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Psych Chpt 14 Review.pdf

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Psychology 1000
Richard Shugar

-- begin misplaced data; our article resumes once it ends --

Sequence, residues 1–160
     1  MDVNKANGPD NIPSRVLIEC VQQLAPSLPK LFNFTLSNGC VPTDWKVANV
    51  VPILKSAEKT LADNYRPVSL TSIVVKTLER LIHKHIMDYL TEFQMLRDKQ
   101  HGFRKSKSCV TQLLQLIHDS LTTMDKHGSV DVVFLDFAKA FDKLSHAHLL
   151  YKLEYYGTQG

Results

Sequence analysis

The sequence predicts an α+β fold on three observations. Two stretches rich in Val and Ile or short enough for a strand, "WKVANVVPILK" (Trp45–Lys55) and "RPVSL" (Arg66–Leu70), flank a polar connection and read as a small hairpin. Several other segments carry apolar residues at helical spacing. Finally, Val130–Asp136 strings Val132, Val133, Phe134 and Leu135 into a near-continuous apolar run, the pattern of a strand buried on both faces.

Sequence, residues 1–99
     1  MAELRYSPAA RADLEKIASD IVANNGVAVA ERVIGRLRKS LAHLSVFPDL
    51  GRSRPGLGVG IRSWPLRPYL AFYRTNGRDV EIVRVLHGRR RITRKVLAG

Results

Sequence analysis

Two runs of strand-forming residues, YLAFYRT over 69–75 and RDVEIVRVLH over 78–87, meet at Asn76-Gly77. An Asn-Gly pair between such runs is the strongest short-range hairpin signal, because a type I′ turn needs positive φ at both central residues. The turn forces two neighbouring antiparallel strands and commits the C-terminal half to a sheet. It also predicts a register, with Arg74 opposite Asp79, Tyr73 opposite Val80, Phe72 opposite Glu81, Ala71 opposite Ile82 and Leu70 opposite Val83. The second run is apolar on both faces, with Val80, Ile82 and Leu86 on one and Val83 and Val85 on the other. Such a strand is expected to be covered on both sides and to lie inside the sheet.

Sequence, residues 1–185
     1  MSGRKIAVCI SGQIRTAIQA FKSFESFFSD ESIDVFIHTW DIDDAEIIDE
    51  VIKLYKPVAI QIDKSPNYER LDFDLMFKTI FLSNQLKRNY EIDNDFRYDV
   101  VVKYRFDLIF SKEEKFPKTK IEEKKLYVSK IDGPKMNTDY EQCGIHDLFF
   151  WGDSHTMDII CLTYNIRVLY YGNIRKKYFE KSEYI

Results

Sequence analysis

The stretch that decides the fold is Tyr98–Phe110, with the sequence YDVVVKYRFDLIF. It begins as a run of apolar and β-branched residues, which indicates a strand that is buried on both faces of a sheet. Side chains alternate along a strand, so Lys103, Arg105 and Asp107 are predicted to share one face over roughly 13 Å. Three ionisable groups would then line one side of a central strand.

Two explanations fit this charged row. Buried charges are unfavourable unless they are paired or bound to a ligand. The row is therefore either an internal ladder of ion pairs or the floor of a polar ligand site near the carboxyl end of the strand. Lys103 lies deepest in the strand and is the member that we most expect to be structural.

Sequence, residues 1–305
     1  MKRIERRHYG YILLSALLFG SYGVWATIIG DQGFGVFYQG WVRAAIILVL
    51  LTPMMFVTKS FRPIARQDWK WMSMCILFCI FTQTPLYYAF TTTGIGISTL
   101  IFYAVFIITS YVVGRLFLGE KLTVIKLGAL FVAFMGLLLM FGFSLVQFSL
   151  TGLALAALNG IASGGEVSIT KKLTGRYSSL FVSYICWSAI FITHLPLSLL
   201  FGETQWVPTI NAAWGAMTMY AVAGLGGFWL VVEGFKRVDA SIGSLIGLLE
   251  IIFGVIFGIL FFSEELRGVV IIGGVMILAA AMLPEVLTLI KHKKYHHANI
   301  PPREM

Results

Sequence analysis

Chapter 14▯ Personality▯ - personality: the biologically and environmentally determined characteristic within a person that accounts for distinctive and relatively enduring patterns of thinking, feeling, and acting.▯ - only a personality if it observed consistently over time.▯ - typically have three characteristics.▯ - components of identity.▯ - perceived internal cause.▯ - perceived organization and structure.▯ ▯ Psychodynamic Perspective▯ Freud.▯ - freud’s psychoanalytic theory is the most influential.▯ - believes that an unconscious part of the mind can influence behaviours.▯ - freud considered personality to be an energy system.▯ - psychoanalysis because a theory of personality.▯ - psychic energy: powers the mind and constantly presses for wither direct or indirect release.▯ - mental events.▯ - can be conscious, preconscious, or unconscious.▯ - conscious: consists of mental events that we are presently aware of.▯ - preconscious: contains memories, thoughts, feelings, and images that we are aware of at the moment but can be called to the conscious mind.▯ - unconscious: a dynamic realm of wishes, feelings, and impulses that lies beyond our awareness.▯ ▯ Structure of Personality.▯ - has three separate but interacting structures: id, ego and superego.▯ - id: exists totally within the conscious mind, is the inner most core of persona;ity, and the only structure present at birth.▯ - operates according to the pleasure principle.▯ - def’n: seeks immediate gratification or release, regardless of rational considerations and environmental realities.▯ - ego: functions primarily at a conscious level.▯ - operates according to the reality principle.▯ - def’n: tests reality and under what conditions the id can safetly discharge its impulses and satisfy its needs.▯ - must achieve compromise between the demands of the id, the constraints of the superego, and the demands of reality.▯ - superego: the moral arms of personality.▯ - developed by the age of 4 or 5.▯ - the repository for the values and ideals of society.▯ - allows self control to take over from the external controls of rewards and punishment.▯ - strives to control the instincts of the id.▯ - particularly the sexual and aggressive impulses that are condemned by society.▯ - might cause a person to experience intense guilt.▯ ▯ Conflict, Anxiety, and Defense.▯ - when realistic strategies are ineffective in reducing anxiety, the ego may resort to defense mechanisms.▯ - repression: anxiety arousing impulses or memories are pushed into the unconscious mind.▯ - denial: when a person refuses to acknowledge anxiety arousing aspects of the environment.▯ - displacement: unacceptable or dangerous impulse is repressed, and then directed at a safer target.▯ - intellectualization: emotional connected with an upsetting event is repressed and the situation is dealt with as an interesting event.▯ - projection: an unacceptable impulse is repressed and the attributed to other people.▯ - rationalization: a person constructs a false but plausible explanation or excuse for an anxiety arousing behaviour or event that has already occurred.▯ - reaction formation: an anxiety arousing impulse is repressed, and its psychic energy finds release in exaggerated expression of the opposite behaviour.▯ - sublimation: a repressed impulse is released in the form of a socially accepted or even admired behaviour.▯ Psychosexual Development.▯ - freud proposed that children pass through a series of psychosexual stages during which the id’s pleasure-seeking tendencies are focused on specific pleasure-sensitive areas of the body called erogenous zones▯ - can arise during any stage and results in fixations.▯ ▯ Humanistic Perspective▯ - self actualization: to total realization of one’s human potential.▯ ▯ Carl Rogers’s Self Theory.▯ - most influential humanistic theory.▯ - believed that behaviour is not a reaction to unconscious conflicts but a response to our immediate conscious experience of self and environment.▯ - the self: an organized and consistent set of perceptions of and beliefs about oneself.▯ - plays a powerful role in guiding our perceptions and directing our behaviours.▯ - once developed, helps us to understand ourselves in relation to the world.▯ - need for self consistency: an absence of conflict among self perception.▯ - need for congruence: consistency between self perceptions and experience.▯ - any inconsistence with our self concept, including our perceptions of our own behaviour, evokes threat and anxiety.▯ - people with negative self concepts to accept success as it is for those with unrealistically positive self concept to accept failure.▯ - to preserve their self image, people not only interpret situations in self congruent ways, but they also behave in ways that will lead others to respond to them in a self confirming way.▯ - believes that we are born with need for personal regard: an innate need to be positively regarded by others and by oneself.▯ - needed for acceptance, sympathy and loves from others.▯ - essential for healthy development.▯ - unconditional positive regard: a communicated attitude of total and unconditional acceptance of other person that conveys the person’s intrinsic worth.▯ - need for positive self regard: to accept oneself.▯ - fosters a development of conditions of worth: dictate when we approve or disapprove of ourselves.▯ ▯ Self Esteem.▯ - refers to hoe positively or negatively we feel about ourselves, and it is a very important aspect of personal well being, happiness, and adjustment.▯ - related to many positive behaviours and life outcomes.▯ - people with high self-esteem are:▯ - less susceptible to social pressure.▯ - have fewer interpersonal problems.▯ - are happier with their lives.▯ - achieve at a higher and more persistent level.▯ - more capable of forming satisfying love relationships.▯ - people with poor self image are:▯ - more prone to psychological problems such as anxiety or depression.▯ - more prone to physical illness.▯ - more prone to poor social relationships and underachievement.▯ - unrealistic of unstable self esteem is more dangerous to individuals and society than low self esteem.▯ - the higher ones self esteem, the greater the vulnerability to ego threats.▯ ▯ Self Verification and Self Enhancement Motives.▯ - self verification: people are motivated to preserve their self concept by maintaining self consistency and congruence.▯ - self enhancement: people have the need to regard themselves positively, and research confirms a strong and pervasive tendency to gain and preserve a positive self image.▯ - several self enhancement strategies have been identified.▯ - tendencies or “positive illusions” contribute to their psychological well being.▯ - gender schemas: organized mental structures that contain our understanding of the attributes and behaviours that re appropriate and expected for males and females.▯ - typically tells us what a male or female “should” be like.▯ Trait and Behavioural Perspectives ▯ - two approaches have been taken to define “the building blocks of personality”.▯ - one approach is to propose traits on the basis of intuition or a theory of personality.▯ - second approach is to use the statistical tool of factor analysis to identify clusters of specific behaviours that are correlated with one another so highly that they can be viewed as reflecting a basic dimension, or a trait, on which people vary.▯ - studies have found that introversion-extroversion to be a major dimension of personality.▯ ▯ Cattell’s Sixteen Personality Factors.▯ - has a personality test called the “16 personality factor questionnaire”.▯ - used to measure individual differences on each of the dimensions and provide a comprehensive personality description. ▯ ▯ Eysenck’s Extraversion Stability Model.▯ - proposed that there are few basic traits.▯ - called the original basic dimensions of personality introversion - extroversion and stability - instability.▯ - extraversion reflects the tendency to be sociable.▯ - introversion represents the tendency toward social inhibition, passivity, and caution.▯ - stability-instability dimension represents a continuum